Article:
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Injury. 2009 Jan;40(1):54-60. doi: 10.1016/j.injury.2008.08.038. Epub 2008 Nov 30.

Direct retroperitoneal pelvic packing versus pelvic angiography: A comparison of two management protocols for haemodynamically unstable pelvic fractures.

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1
Department of Orthopaedic Surgery, Denver Health Medical Center, University of Colorado School of Medicine, 777 Bannock Street, Denver, CO 80204, USA.

Abstract

OBJECTIVE:

To evaluate the outcomes of haemodynamically unstable cases of pelvic ring injury treated with a protocol focused on either direct retroperitoneal pelvic packing or early pelvic angiography and embolisation.

METHODS:

A retrospective review of a prospectively collected database in an academic level I trauma centre, treating matched haemodynamically unstable cases of pelvic fracture with either pelvic packing (PACK group, n=20) or early pelvic angiography (ANGIO group, n=20). Physiological markers of haemorrhage, time to intervention, transfusion requirements, complications and early mortality were recorded.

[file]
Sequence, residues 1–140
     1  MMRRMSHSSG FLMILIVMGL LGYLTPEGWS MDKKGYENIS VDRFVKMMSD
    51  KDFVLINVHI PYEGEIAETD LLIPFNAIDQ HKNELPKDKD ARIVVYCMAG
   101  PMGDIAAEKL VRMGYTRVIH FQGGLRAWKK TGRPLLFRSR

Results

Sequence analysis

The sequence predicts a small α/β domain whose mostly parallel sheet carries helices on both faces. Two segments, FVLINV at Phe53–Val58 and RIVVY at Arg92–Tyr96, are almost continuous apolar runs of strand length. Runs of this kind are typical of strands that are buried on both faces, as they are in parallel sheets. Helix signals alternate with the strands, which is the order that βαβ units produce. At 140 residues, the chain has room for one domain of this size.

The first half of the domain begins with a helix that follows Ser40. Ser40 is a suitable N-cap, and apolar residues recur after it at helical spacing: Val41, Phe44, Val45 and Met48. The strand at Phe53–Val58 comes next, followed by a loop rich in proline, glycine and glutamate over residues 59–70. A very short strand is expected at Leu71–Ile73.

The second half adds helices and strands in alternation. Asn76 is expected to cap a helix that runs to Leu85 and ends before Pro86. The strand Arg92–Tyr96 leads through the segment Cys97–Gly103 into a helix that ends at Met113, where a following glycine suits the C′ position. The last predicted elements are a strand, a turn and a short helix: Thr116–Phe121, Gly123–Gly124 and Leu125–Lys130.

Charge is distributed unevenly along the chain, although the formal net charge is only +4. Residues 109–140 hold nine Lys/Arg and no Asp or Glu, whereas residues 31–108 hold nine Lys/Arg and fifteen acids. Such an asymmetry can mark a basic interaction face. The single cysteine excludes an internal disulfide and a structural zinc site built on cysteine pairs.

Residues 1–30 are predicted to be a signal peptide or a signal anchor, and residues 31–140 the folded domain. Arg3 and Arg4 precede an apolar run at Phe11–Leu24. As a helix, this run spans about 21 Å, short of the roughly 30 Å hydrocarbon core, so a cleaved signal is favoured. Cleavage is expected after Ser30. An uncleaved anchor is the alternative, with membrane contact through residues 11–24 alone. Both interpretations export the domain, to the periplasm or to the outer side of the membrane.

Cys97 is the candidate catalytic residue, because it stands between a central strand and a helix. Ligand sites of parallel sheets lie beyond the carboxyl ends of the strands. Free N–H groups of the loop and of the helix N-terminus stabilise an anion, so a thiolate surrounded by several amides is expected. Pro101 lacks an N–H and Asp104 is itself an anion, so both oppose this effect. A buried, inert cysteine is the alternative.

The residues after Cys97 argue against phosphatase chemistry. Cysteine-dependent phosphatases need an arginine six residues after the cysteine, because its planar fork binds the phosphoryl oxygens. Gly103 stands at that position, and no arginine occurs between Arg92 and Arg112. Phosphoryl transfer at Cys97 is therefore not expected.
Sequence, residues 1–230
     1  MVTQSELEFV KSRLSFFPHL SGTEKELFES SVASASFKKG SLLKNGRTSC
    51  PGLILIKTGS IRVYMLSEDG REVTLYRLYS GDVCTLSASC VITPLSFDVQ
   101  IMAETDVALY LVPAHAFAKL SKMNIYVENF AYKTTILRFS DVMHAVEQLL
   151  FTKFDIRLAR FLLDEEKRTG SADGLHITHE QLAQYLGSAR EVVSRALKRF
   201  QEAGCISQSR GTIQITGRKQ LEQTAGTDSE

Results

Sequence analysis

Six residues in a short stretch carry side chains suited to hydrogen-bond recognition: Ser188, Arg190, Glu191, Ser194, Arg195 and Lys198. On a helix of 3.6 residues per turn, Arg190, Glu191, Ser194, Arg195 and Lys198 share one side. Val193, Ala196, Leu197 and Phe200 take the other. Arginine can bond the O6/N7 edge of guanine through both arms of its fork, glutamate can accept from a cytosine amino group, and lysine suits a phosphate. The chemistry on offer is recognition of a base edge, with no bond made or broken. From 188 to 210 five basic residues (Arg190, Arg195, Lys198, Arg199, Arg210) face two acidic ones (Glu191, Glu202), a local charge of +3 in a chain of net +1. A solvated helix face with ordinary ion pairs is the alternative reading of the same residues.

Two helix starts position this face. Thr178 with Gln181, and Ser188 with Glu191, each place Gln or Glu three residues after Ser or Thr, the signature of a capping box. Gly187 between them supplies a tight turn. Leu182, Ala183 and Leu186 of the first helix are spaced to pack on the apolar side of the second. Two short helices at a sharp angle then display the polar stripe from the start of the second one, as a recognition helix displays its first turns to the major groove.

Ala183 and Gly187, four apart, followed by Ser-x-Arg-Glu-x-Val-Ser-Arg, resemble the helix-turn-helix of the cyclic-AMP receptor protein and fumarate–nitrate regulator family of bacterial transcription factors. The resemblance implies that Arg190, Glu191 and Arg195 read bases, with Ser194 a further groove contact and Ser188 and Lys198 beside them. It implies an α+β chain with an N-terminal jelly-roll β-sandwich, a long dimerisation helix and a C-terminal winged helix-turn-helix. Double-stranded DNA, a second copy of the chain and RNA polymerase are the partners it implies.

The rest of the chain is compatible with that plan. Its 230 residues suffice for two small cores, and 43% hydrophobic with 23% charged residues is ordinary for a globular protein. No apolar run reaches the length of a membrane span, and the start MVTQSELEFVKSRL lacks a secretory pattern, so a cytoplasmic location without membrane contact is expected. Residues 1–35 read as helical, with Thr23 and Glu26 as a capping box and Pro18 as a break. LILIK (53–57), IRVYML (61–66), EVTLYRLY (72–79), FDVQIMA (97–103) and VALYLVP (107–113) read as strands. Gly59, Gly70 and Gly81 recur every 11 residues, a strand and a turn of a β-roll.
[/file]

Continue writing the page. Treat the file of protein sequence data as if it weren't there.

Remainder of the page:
RESULTS:

The PACK group underwent operative packing at a median of 45min from admission; the median time to angiography in the ANGIO group was 130min. The PACK group, but not the ANGIO group, demonstrated a significant decrease in blood transfusions over the next 24h post intervention. In the ANGIO group, ten people required embolisation and six died, two from acute haemorrhage; in the PACK group, three people required embolisation; four died, none due to uncontrolled haemorrhage.

CONCLUSIONS:

Pelvic packing is as effective as pelvic angiography for stabilising haemodynamically unstable casualties with pelvic fractures, decreases need for pelvic embolisation and post-procedure blood transfusions, and may reduce early mortality due to exsanguination from pelvic haemorrhage.

PMID:
19041967
DOI:
10.1016/j.injury.2008.08.038
[Indexed for MEDLINE]

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